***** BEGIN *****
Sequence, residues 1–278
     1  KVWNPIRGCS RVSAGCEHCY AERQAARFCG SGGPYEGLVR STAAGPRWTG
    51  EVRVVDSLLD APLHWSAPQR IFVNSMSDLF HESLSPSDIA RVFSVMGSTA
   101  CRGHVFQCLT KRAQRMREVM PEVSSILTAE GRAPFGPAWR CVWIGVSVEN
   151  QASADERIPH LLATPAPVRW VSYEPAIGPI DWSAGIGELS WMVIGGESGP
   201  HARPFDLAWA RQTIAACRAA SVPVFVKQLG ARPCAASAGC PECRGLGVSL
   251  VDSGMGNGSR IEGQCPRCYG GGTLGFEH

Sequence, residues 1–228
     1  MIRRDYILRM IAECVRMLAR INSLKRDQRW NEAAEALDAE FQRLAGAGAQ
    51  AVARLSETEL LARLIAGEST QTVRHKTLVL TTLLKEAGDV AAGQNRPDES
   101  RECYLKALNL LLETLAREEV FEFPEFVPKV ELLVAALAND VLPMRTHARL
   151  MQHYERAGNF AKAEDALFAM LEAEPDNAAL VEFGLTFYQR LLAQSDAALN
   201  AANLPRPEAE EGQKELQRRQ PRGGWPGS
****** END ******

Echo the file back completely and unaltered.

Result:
Sequence, residues 1–278
     1  KVWNPIRGCS RVSAGCEHCY AERQAARFCG SGGPYEGLVR STAAGPRWTG
    51  EVRVVDSLLD APLHWSAPQR IFVNSMSDLF HESLSPSDIA RVFSVMGSTA
   101  CRGHVFQCLT KRAQRMREVM PEVSSILTAE GRAPFGPAWR CVWIGVSVEN
   151  QASADERIPH LLATPAPVRW VSYEPAIGPI DWSAGIGELS WMVIGGESGP
   201  HARPFDLAWA RQTIAACRAA SVPVFVKQLG ARPCAASAGC PECRGLGVSL
   251  VDSGMGNGSR IEGQCPRCYG GGTLGFEH

Sequence, residues 1–228
     1  MIRRDYILRM IAECVRMLAR INSLKRDQRW NEAAEALDAE FQRLAGAGAQ
    51  AVARLSETEL LARLIAGEST QTVRHKTLVL TTLLKEAGDV AAGQNRPDES
   101  RECYLKALNL LLETLAREEV FEFPEFVPKV ELLVAALAND VLPMRTHARL
   151  MQHYERAGNF AKAEDALFAM LEAEPDNAAL VEFGLTFYQR LLAQSDAALN
   201  AANLPRPEAE EGQKELQRRQ PRGGWPGS